Season 4 of Netflix’s drama series ORANGE IS THE NEW BLACK took its stories and characters to a deeper and darker depth. As an actor, it is always a remarkable achievement when you are invited to join a successful series to help take it to the next level. So imagine the joy of actress Miriam Morales that she was selected to be a part of the Emmy-award winning series and was given a chance to add her talents to the ensemble as Litchfield became an even harsher version of prison-hell. In an exclusive interview, star Miriam Morales talks about her character’s pivotal part in Season 4 and how that experience was for her to portray.
What initially drew you to the role of Ramona Pidge in ORANGE IS THE NEW BLACK? And what was attractive about the show to you?
MIRIAM: I first heard of the casting for the role of Ramona “Pidge” Contreras from my manager. Not much was said about her other than she was short, Dominican and tough. Having been a fan of the show since the beginning it was a goal of mine to get on it; I had to. What is so attractive about the show to me, and to many, is the variety of characters and stories presented. The stories are universal and everyone can relate to them in some way. The show pulls you in because it reflects the times, the social and cultural issues that people deal with on a regular basis.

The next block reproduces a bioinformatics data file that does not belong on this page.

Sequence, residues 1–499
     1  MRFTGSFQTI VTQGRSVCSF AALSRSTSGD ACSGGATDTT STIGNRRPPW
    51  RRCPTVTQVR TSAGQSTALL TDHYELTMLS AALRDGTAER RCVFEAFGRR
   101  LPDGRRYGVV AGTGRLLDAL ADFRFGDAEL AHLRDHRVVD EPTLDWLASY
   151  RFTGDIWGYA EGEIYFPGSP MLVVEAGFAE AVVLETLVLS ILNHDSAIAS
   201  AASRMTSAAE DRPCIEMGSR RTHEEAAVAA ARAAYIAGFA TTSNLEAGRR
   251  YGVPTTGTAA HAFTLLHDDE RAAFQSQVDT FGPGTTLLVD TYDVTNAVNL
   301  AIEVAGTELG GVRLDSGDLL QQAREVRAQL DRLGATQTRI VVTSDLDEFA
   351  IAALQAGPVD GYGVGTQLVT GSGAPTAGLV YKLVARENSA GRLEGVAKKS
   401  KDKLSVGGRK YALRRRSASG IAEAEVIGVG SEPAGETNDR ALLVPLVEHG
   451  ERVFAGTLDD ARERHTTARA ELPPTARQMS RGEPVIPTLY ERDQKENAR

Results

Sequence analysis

How would you describe your character Ramona Pidge?
MIRIAM: Pidge is extremely loyal, to her friends and to the cause. She’s always ready to take action if necessary sometimes without even thinking, she’s very reactive like that. Which leads me to believe she might have some anger issues. It’ll be interesting to see how my character continues to develop.
What is Pidge’s relationship like with the rest of the Litchfield inmates? Why does she dislike Piper (Taylor Schilling)?
MIRIAM: Pidge’s loyalty lies with her Dominican crew. You mess with one you mess with them all so that explains why she dislikes Piper; she messed with Maria (Jessica Pimentel). As for the others she doesn’t really have a problem with them unless they have an issue with her or her friends.
Did the death of Poussey (Samira Wiley) have an effect on Pidge? In the aftermath, where is Pidge’s head at?